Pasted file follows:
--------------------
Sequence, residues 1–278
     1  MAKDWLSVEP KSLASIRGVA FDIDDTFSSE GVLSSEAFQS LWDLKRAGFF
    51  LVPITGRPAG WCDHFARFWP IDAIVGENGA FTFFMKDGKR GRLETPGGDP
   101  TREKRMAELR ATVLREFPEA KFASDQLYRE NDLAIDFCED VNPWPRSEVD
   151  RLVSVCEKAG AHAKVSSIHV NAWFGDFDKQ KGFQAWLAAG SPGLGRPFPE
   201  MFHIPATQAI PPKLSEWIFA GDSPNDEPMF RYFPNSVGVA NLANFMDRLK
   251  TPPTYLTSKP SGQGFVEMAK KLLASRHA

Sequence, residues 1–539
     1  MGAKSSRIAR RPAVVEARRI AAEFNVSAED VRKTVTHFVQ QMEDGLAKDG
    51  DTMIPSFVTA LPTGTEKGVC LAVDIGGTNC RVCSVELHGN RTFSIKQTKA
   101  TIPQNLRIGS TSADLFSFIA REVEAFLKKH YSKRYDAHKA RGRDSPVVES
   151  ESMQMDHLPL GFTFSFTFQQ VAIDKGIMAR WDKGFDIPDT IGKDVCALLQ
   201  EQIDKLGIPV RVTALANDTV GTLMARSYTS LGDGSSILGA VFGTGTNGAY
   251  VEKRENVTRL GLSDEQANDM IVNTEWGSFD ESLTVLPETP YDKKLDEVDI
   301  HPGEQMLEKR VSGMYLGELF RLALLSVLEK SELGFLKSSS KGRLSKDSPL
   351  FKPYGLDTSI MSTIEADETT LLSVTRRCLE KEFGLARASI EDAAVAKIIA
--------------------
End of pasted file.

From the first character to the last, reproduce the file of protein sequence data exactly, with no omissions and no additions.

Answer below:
Sequence, residues 1–278
     1  MAKDWLSVEP KSLASIRGVA FDIDDTFSSE GVLSSEAFQS LWDLKRAGFF
    51  LVPITGRPAG WCDHFARFWP IDAIVGENGA FTFFMKDGKR GRLETPGGDP
   101  TREKRMAELR ATVLREFPEA KFASDQLYRE NDLAIDFCED VNPWPRSEVD
   151  RLVSVCEKAG AHAKVSSIHV NAWFGDFDKQ KGFQAWLAAG SPGLGRPFPE
   201  MFHIPATQAI PPKLSEWIFA GDSPNDEPMF RYFPNSVGVA NLANFMDRLK
   251  TPPTYLTSKP SGQGFVEMAK KLLASRHA

Sequence, residues 1–539
     1  MGAKSSRIAR RPAVVEARRI AAEFNVSAED VRKTVTHFVQ QMEDGLAKDG
    51  DTMIPSFVTA LPTGTEKGVC LAVDIGGTNC RVCSVELHGN RTFSIKQTKA
   101  TIPQNLRIGS TSADLFSFIA REVEAFLKKH YSKRYDAHKA RGRDSPVVES
   151  ESMQMDHLPL GFTFSFTFQQ VAIDKGIMAR WDKGFDIPDT IGKDVCALLQ
   201  EQIDKLGIPV RVTALANDTV GTLMARSYTS LGDGSSILGA VFGTGTNGAY
   251  VEKRENVTRL GLSDEQANDM IVNTEWGSFD ESLTVLPETP YDKKLDEVDI
   301  HPGEQMLEKR VSGMYLGELF RLALLSVLEK SELGFLKSSS KGRLSKDSPL
   351  FKPYGLDTSI MSTIEADETT LLSVTRRCLE KEFGLARASI EDAAVAKIIA